April is Crossing Guard Appreciation Month, a time for the community to celebrate these often overlooked and underappreciated workers. Crossing Guards contribute to the safety of our school communities by guiding children across the street and ensuring they can safely start their school day. We spoke with four crossing guards across Chicago to get their insight on their experiences and some of the challenges they face.
At Bridge Junior High on the city’s Northwest Side, you can find Susan Watt doing a little dance, talking to the kids she crosses, and being proud of the work she’s put in over the years. “When it comes to crossing, it’s important to bring your all and be yourself. The kids will see me dancing or putting trivia questions in chalk on the sidewalk, and they’ll be like, ‘Wow. She’s nuts… but she’s funny!'”
For 14 years, Susan has protected children on their way to school while also putting smiles on their faces, setting the tone for each new day. “It’s a great job. I have a blast with my kids,” says Susan while standing firmly at a busy intersection bustling with traffic. But she also acknowledges that this job, while it is something she loves, does not give her the respect and dignity she deserves. “The kids I cross love me more than my job does. I love that they value me, but I need my job to value me, too.”
Marcella Davenport knows the community around Boone Elementary on Chicago’s North Side not only because her involvement goes beyond her role as a Crossing Guard. She works with students inside the building once her shift is over, seeing the same faces she crosses in the classroom. She also volunteers to maintain the school’s garden. Her grandchildren also attended Boone Elementary and she attends after-school events with her family. “I’ve gotten to know most of the kids in the neighborhood,” she says.
Being a seasoned 23-year Crossing Guard, Marcella knows the important role they play in maintaining school safety. “We need Crossing Guards. When kids are excited about coming from school or going to school, they do tend to dash into traffic,” said Marcella, “if you eliminate Crossing Guards, you’re going to have a lot of problems.” Marcella is also appreciative to have the support of parents and community members. “Last week, one person decided to go around us, and a parent got upset. They said, ‘You have to wait! There’s only one lane!’ It was a challenge, but luckily we have the support of the parents and surrounding community who understand we want to go home in one piece.”
For over 8 years, Gail has taken pride in serving and protecting the children who attend Marquette Elementary and live in the surrounding community. She smiles at children, parents, and community members alike as she crosses them over a major intersection on Chicago’s South side. As a Pastor, Gail has raised funds through her church to support some of the neighborhood children in need, including one student who caught Gail’s attention. “When we gave her the money, she just stood there and cried. Her Mom thanked us. She told me she graduated this year.”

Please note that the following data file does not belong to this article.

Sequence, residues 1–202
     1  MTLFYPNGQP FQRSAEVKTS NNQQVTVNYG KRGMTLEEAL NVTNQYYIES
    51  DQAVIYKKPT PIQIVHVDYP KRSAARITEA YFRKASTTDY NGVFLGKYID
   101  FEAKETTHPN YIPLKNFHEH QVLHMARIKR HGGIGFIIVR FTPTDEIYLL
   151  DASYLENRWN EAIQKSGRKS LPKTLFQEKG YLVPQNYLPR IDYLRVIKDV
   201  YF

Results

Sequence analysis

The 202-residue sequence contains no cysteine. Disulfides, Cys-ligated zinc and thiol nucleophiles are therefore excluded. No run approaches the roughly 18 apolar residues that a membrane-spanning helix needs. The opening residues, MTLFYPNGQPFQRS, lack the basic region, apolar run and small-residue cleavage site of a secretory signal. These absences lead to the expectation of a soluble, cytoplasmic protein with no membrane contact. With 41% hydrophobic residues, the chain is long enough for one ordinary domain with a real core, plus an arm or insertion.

Crossing Guards work throughout the school year, facing the harsh Midwestern winters, Spring showers, and Summer heat. Stopping traffic can be a risk, especially during heavy commuter traffic. Gail has faced issues with some drivers and pedestrians. “They tend to be in a hurry, they don’t want to wait until we finish crossing the children. Sometimes, they drive up close and cuss at us – it’s just a lot of disrespect. But, the rest of the community has been awesome.”
Each school day, Corliss Cummings stands guard near Newberry Math and Science Academy in Old Town, greeting each group of kids she crosses. “This job is important, especially in this area. The traffic can be so bad, so the kids need me so they can get to school safely.” Corliss has been a Crossing Guard for nearly 16 years, so she’s seen the dangers first-hand of unmitigated traffic in a school zone. “Without us being out here, who knows what could happen,” she says. “As adults, we forget that kids don’t know how to cross, and these drivers are in a rush every [morning]. That’s why I try to make sure the parents trust me to take care of their kids, just like I would take care of my own children.”
But all of Corliss’s hard work seems to get overlooked by CPS, and she knows that without SEIU Local 73, things would be in drastic conditions. “I think if we were here without a union, [CPS] would run over us because they don’t respect us.” With a contract fight looming, Corliss understands the importance of stepping up the same way she does for the kids she crosses: “We’re willing to do whatever it takes.”